Senate Majority Leader Mitch McConnell vowed on Tuesday that legislators would not go home for the holidays without an approval of a stimulus bill.
“We're not leaving here without a COVID package. It's not gonna happen. We're gonna stay here until we get a COVID package. No matter how long it takes, we’ll be here,” McConnell said.
Last week, House Speaker Nancy Pelosi made a similar proclamation.
But both sides have been working on economic relief for months, but have failed to come to any sort of compromise.
But a major sticking point is on whether companies should be protected from coronavirus-related lawsuits. The White House and McConnell have said companies need this protection in order to stay open amid the pandemic. Pelosi and Democrats are against the proposal, citing concerns that businesses will not follow public health guidelines.
“This is protection for our small businesses, so that they're not held liable for COVID incidences through no fault of their own,” White House press secretary Kayleigh McEnany said on Tuesday. ”And (Pelosi is) really playing up to the trial lawyers and opposing liability protection, which should be something that's just mere common sense.”
Two weeks ago, a bipartisan group of legislators proposed a $900 billion stimulus plan that would extend funds for additional unemployment benefits for up to 18 weeks per worker. The legislation also would replenish funds for the Paycheck Protection Program, which helped companies affected by the pandemic make payroll.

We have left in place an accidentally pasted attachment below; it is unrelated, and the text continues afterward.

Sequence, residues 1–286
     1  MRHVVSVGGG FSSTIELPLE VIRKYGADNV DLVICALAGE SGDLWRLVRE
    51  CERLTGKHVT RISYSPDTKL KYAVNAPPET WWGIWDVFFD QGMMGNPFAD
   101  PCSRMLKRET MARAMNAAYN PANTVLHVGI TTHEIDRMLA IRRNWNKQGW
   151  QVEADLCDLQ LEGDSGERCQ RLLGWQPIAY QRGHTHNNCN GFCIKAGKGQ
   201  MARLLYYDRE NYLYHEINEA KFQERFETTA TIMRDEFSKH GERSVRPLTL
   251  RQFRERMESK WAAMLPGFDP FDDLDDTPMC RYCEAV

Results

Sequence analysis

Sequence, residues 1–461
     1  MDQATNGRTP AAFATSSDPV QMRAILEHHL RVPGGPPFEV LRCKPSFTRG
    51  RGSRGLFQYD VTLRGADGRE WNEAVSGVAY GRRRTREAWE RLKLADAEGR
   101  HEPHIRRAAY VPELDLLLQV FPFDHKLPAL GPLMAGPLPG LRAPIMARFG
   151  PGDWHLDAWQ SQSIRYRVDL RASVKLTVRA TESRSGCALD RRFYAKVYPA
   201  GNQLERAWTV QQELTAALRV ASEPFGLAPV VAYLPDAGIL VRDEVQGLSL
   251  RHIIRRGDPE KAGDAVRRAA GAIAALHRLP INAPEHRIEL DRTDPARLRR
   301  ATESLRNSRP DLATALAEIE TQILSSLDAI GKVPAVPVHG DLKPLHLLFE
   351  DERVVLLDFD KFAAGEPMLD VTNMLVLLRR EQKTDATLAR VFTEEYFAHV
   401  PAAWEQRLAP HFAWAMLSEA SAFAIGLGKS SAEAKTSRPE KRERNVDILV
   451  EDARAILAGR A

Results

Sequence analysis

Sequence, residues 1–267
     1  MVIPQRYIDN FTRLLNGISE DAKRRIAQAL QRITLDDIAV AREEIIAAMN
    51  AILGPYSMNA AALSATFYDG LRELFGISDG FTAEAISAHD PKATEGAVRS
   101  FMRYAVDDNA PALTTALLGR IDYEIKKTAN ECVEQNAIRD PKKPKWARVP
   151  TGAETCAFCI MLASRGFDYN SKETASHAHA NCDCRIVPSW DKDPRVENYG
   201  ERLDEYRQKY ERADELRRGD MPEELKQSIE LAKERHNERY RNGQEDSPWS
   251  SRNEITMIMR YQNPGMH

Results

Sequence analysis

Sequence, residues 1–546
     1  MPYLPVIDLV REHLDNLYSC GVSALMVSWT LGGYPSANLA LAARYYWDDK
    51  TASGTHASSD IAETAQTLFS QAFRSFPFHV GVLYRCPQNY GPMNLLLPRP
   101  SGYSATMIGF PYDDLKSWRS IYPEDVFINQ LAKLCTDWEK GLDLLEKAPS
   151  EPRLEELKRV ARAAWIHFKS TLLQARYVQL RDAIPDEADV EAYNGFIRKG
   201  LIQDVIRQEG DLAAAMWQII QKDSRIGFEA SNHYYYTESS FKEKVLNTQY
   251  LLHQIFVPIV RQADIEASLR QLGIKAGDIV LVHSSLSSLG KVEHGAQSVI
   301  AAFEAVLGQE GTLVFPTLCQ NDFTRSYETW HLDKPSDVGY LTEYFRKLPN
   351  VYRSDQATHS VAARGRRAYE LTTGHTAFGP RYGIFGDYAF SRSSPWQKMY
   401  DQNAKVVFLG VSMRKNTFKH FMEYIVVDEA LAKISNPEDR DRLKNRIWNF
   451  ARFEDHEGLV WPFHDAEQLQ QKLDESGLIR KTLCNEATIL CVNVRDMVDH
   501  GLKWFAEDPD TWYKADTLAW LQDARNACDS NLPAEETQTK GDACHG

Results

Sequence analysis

There would also be $160 billion earmarked for state and local governments, which have seen a drop in tax revenue due to the pandemic. There is in additional $45 billion allocated toward the transportation industry, most notably for airlines, which have seen an over 50% reduction in business since March.
But the bipartisan group’s newest proposal is to make the funding involving state and local governments a separate bill. It’s unclear, however, if that measure would gain enough support to pass, given McConnell’s and Trump’s past opposition to providing pandemic relief to state and local governments facing cuts amid a drop in tax revenue.
Another area of contention is on whether Congress should provide Americans with a second round of stimulus checks. While the bipartisan proposal doesn’t call for checks, members of both parties have suggested that a final proposal should include stimulus checks.